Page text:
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Facts on the Slaughter House Cases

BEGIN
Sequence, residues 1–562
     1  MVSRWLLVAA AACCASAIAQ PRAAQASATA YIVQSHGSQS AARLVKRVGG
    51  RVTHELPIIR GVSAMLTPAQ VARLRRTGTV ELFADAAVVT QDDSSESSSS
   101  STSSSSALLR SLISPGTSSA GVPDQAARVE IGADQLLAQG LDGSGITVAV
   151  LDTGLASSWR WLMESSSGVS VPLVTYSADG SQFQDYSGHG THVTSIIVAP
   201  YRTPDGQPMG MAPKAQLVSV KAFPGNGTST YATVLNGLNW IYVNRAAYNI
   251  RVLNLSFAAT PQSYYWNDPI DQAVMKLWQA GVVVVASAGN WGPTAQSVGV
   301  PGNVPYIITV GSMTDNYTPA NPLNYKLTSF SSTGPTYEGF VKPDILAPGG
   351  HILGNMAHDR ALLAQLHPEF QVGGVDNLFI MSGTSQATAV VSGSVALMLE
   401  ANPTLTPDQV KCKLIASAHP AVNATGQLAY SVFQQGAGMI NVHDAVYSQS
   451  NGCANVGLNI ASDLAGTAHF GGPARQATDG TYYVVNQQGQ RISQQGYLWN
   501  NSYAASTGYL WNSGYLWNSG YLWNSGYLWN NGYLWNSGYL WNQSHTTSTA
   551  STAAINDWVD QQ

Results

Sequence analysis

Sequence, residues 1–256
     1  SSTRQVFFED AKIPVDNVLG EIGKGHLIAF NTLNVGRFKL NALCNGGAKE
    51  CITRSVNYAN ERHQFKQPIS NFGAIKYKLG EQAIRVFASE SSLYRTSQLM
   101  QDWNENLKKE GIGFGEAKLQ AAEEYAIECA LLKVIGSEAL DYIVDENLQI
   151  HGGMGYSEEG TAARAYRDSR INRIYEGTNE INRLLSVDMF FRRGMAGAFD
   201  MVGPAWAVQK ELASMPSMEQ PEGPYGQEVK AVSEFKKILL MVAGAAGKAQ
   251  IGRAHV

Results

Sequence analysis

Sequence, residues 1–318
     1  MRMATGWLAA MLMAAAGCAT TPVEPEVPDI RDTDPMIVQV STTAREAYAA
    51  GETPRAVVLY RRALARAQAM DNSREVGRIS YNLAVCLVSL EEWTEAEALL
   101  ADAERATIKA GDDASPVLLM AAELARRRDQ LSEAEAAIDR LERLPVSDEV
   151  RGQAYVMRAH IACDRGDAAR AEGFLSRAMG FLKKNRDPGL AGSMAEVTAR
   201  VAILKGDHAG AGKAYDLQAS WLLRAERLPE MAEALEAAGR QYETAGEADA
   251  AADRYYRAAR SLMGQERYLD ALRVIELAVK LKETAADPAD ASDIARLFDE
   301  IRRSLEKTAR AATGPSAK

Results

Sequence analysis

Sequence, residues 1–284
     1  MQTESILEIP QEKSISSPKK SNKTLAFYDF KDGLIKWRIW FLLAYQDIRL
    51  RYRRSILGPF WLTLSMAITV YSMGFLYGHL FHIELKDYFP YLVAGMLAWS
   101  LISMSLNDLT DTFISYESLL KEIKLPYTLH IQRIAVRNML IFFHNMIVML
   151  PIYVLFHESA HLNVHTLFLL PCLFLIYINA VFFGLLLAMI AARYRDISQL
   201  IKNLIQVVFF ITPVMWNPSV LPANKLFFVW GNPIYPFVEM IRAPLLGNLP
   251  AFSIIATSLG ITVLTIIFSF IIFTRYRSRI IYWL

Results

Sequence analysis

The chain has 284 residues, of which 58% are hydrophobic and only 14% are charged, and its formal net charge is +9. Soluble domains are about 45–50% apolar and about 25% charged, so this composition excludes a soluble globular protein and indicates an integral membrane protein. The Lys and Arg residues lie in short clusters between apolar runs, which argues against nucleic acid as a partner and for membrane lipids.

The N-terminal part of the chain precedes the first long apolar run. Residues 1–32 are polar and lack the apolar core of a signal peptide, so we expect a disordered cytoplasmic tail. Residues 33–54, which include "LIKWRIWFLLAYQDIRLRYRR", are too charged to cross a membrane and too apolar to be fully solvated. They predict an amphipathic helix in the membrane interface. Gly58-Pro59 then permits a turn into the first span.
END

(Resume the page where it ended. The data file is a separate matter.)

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The Background of the slaughter-house casesThe Slaughter-House Cases was a landmark Supreme Court decision, which acted as the first interpretation of the Fourteenth Amendment to the United States Constitution. The Slaughter-House cases is viewed as a fundamental court decision in regards to early civil right law; the Supreme Court of the United States read the Fourteenth Amendment as protecting the “privileges or immunities” to all individuals of all states within the United States, but not those immunities or privileges incident to the citizenship of a state. The Slaughter-house cases consolidated three Supreme Court cases that all dealt with the 14th Amendment: The Butchers’ Benevolent Association of New Orleans v. The Crescent City Live-Stock Landing and Slaughter-House Company; The Live-Stock Dealers’ and Butchers’ Association of New Orleans, and Charles Cavaroc v. The State of Louisiana; The Butchers’ Benevolent Association of New Orleans v. The Crescent City Live-Stock Landing and Slaughter-House Company In the mid-19th century, the city of New Orleans was plagued by pollution as a result of animal byproducts that came from local slaughterhouses; the byproducts flooded the city whenever the tide from the Mississippi river was low. Numerous slaughterhouses would gut roughly 300,000 animals per year and the entrails would be dumped into the river, which ultimately affected the purity of the city’s drinking water. In response to the polluting of the river, a New Orleans grand jury recommended that the slaughterhouses be moved to the southern portion of the city; however, since the majority of the slaughterhouses were outside city limits, the grand jury’s recommendations held little weight. The city later appealed to the state legislature and as a result, the Louisiana legislature passed a law that allowed the city to create a centralized corporation that consolidated all slaughterhouses in New Orleans.In response to this legislation, over four hundred members of the Butchers’ Benevolent Association joined together to sue the corporation’s takeover of the slaughterhouse industry. Slaughter-house cases Trial:The lower courts in New Orleans favored the states and found the creation of the corporation to be within the state’s powers. Following this decision, six cases were appealed to the Supreme Court: the butchers based these claims on the privileges or immunities, due process and equal protection clauses in the Fourteenth Amendment. In a 5-4 decision, Justice Samuel Miller, stated that the court held a narrow interpretation of the amendment and ruled that it ultimately did not restrict the police powers of the state. The Case Profile of the slaughter-house casesThe following is a case profile of the legal trial eponymously titled ‘the slaughter-house cases’:Date of the Trial: The Slaughter-house cases were argued on January 11, 1872 and re-argued on February 3-5 of 1873Legal Classification: Administrative Law; this legal field associated with events and circumstances in which the Federal Government of the United States engages its citizens, including the administration of government programs, the creation of agencies, and the establishment of a legal, regulatory federal standardUnited States Reports Case Number: 83 U.S. 36Date of the Delivery of the Verdict: The Slaughter-house cases were decided on April 14, 1873Legal Venue of the slaughter-house cases: The United States Supreme CourtJudicial Officer Responsible for Ruling: Chief Justice Salmon ChaseVerdict Delivered: The Supreme Court of the United States found that the privileges and immunities of citizenship of the United States are protected by the Fourteenth Amendment while privileges and immunities of citizenship of a state are not protected.